MARTIN: Deb Kline is an organizer for the left-leaning Cleveland Jobs for Justice. They've been granted a permit to protest, but it's two miles away from the RNC in an abandoned lot.
DEB KLINE, "CLEVELAND JOBS FOR JUSTICE" ORGANIZER: I think this convention is going to be like no other that we've ever seen, um, and I'm a little fearful because some of the groups we are hearing are coming in, um that are all pro-Trump.
MARTIN: As lead Ohio organizer for Citizens for Trump, Ralph King worries some anti-Trump groups are coming to Cleveland looking for a fight.
RALPH KING, "CITIZENS FOR TRUMP" ORGANIZER: We will not encourage any confrontation, uh, we will try to defuse any confrontation, um, but we're are not going to ask anybody, y'know, to sit there and take a beating.
MARTIN: Despite the fears of many, almost everyone in Cleveland points to the Cavaliers' victory parade last month as how smoothly Cleveland can handle a major event.
But that was a unifying celebration. And for many, Trump's nomination is anything but.
Many fear that what started in Chicago, Albuquerque and Anaheim could erupt in Cleveland.
David Martin, the Associated Press.
It would be nice if the ACLU's Christine Link would acknowledge that things went well and take back her insult directed at the police. Don't hold your breath.
As to Deb Kline being "fearful" of pro-Trump groups, as seen in an earlier NewsBusters post, they really arguably contributed to the peaceful situation and to the disappointing leftist protester turnout — perhaps even the people who exercised their right to carry firearms.
Now let's look at the brazen smear that is David Martin's final sentence:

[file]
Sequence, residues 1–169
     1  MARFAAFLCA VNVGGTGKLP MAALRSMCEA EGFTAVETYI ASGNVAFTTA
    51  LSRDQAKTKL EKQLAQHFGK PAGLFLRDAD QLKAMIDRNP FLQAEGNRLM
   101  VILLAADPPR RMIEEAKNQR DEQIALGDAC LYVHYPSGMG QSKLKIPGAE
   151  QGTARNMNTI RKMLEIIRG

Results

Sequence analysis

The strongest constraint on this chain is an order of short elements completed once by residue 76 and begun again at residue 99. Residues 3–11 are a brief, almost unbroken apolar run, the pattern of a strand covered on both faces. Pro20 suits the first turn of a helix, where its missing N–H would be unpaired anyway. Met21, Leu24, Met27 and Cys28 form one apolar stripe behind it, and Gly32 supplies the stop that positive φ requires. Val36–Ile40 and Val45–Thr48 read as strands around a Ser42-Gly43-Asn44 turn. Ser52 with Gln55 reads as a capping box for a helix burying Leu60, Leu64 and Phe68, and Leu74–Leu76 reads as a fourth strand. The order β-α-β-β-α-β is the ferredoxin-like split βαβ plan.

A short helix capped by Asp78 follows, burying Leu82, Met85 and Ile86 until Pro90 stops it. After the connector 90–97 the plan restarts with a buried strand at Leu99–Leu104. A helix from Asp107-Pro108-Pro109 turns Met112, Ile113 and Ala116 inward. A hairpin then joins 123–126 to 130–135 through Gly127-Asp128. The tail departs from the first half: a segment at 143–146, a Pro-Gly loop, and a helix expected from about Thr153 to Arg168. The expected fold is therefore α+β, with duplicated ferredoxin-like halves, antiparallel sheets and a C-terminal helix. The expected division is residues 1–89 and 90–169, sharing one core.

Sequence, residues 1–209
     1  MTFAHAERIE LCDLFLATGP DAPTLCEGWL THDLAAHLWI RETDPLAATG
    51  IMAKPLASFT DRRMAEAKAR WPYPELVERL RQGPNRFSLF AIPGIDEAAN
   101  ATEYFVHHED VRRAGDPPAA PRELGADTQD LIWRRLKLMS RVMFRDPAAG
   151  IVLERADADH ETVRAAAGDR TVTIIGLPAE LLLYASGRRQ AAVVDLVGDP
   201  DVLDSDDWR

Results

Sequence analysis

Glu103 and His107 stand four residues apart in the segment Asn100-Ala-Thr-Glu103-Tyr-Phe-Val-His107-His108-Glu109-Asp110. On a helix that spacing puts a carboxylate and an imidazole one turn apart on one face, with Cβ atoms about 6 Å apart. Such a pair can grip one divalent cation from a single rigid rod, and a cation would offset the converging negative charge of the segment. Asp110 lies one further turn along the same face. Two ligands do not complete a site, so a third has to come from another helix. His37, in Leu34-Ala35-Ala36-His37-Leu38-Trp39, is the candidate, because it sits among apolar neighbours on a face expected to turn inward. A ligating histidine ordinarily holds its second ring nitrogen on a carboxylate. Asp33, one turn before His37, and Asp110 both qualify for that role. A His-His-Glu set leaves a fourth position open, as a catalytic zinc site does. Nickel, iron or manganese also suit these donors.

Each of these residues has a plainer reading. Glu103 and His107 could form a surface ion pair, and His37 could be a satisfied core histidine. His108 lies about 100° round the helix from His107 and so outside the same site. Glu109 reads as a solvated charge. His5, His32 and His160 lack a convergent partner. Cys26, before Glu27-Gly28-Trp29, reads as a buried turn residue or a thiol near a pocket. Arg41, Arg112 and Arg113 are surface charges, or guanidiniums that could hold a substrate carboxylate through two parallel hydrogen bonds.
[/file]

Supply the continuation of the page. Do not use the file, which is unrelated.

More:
- In Chicago in March, "The protests which broke out ahead of Donald Trump’s Chicago campaign rally last week quickly became violent riots when Bernie Sanders supporters and members of the Black Lives Matter movement joined forces to shut down the event."
- In Albuquerque in May, "anti-Trump protesters threw rocks, smashed doors on the convention center, jumping on cop cars and set Trump flags on fire." As seen at the link, MSNBC host Chris Matthews and his guests praised, defended and made excuses for the "protesters" turned rioters.
- In Anaheim the next day, "Violent anti-Trump protesters harassed and spit on Trump supporters."
The historical revisionists at the AP had their meme — that the violence at Trump's events has been the "polarizing" candidate's fault, and that his "divisiveness" coupled with violent events in distant cities during the previous week would make "chaos" in Cleveland quite likely — and they were determined to stick with it, the truth be damned.
No wonder so many people like the Washington Post's Zak thought they'd see a riot.
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It doesn't appear that Zak feels this way, though his "police state" comment is quite pathetic, but it seems that much of the press is almost disappointed that one didn't materialize. The left definitely is, and there's quite an intersection between the two groups.
Cross-posted at BizzyBlog.com.